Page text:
And he has been.
Facing one of the most difficult economic challenges of the last several generations, we elected a man who had never had responsibility for any economy – good or bad, of any size. He had one idea, which was to spend hundreds of billions of dollars of borrowed money. When that didn’t fix the problem, he was stumped. He knows nothing about economics and nothing about business or job creation. And without executive experience, he didn’t know how to surround himself with knowledgeable people who could guide him to better solutions. He had no idea what to do, and still doesn’t.
He’s been even worse on the foreign policy front. Iran and North Korea are playing him like a fiddle on matters of nuclear proliferation. Russia under Vladimir Putin simply disregards him. And for all his talk about how his predecessor supposedly alienated our allies, Obama has managed to upset the British on the question of the Falkland Islands, the Canadians on the question of oil purchases, the Poles on matters of missile defense and “Polish death camps,” and Israel on just about everything.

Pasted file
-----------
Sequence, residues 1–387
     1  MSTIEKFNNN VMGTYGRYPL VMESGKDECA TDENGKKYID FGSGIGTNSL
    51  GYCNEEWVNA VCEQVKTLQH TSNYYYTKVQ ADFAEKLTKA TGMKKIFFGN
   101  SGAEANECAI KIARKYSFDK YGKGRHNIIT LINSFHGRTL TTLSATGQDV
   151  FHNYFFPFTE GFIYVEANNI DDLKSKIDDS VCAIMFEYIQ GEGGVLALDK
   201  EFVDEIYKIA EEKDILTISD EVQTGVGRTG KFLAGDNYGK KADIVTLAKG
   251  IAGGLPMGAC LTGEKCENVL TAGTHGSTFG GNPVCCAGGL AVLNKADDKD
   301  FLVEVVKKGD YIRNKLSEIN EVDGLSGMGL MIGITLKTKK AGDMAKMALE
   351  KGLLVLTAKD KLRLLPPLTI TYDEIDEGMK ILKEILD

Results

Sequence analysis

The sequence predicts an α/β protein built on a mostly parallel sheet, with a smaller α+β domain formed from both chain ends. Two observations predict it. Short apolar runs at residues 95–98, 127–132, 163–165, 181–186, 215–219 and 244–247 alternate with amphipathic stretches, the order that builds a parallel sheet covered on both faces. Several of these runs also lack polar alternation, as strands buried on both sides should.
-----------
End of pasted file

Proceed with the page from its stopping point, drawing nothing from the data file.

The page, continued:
How much do you like him now?
But as badly as Obama has bungled the presidency – and that is very badly indeed – we have to recognize he is not the only one with culpability here. When the Democratic Party put him on stage at its 2004 national convention to give the keynote address, which he delivered very well, it was absurd that an obscure Illinois state legislator should have been instantly elevated to the level of “rising star” on the national political scene. Given his almost non-existent record of achievement during his tenure as a U.S. senator, it was ridiculous that he was treated as one of the top-tier candidates for the Democratic presidential nomination – while a candidate like New Mexico Gov. Bill Richardson, who had an incredibly impressive resume, was treated as a joke.
Being likable has nothing to do with whether you can lead a nation. It doesn’t mean you can’t, but voters and the media need to look at a person’s qualifications – in the areas of leadership, achievement and ideas – and stop worrying about who they would like to have a beer with. If you want to have a beer, go have one with your friends. Leave the presidency to someone who has actually led something. Likability is not leadership.